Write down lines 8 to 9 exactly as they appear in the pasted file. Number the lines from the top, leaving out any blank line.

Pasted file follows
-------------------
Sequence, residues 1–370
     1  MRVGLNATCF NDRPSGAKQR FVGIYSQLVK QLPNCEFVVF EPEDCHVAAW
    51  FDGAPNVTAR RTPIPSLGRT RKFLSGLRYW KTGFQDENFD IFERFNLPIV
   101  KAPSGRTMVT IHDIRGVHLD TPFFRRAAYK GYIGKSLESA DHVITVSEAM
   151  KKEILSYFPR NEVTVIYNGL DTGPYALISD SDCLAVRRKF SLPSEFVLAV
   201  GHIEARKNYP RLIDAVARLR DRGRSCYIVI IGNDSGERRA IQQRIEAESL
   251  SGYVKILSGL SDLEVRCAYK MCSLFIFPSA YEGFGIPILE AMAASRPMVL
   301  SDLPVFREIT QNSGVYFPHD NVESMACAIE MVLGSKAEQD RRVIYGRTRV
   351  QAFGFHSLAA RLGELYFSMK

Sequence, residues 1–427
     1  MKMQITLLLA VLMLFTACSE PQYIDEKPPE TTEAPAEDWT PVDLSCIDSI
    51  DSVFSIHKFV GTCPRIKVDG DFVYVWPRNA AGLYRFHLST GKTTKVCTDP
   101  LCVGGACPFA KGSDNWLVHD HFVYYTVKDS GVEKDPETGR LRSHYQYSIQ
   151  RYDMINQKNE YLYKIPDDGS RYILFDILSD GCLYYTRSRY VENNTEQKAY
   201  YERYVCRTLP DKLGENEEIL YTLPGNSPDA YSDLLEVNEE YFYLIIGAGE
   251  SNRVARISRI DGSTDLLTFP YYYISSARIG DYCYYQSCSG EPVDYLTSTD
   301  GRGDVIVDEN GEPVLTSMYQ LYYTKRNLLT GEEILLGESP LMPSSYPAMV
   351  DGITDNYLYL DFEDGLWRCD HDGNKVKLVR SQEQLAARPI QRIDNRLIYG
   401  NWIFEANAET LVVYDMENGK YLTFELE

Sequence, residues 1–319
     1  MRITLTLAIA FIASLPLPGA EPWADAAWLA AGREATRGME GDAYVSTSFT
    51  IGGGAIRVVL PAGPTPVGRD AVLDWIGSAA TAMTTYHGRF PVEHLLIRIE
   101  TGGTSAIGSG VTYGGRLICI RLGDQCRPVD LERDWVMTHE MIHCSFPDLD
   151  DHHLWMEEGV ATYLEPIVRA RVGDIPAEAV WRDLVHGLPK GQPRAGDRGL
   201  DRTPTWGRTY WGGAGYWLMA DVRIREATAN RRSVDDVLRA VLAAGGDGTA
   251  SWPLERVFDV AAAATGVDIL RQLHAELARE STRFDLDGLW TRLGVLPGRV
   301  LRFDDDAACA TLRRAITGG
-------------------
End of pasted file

   301  SDLPVFREIT QNSGVYFPHD NVESMACAIE MVLGSKAEQD RRVIYGRTRV
   351  QAFGFHSLAA RLGELYFSMK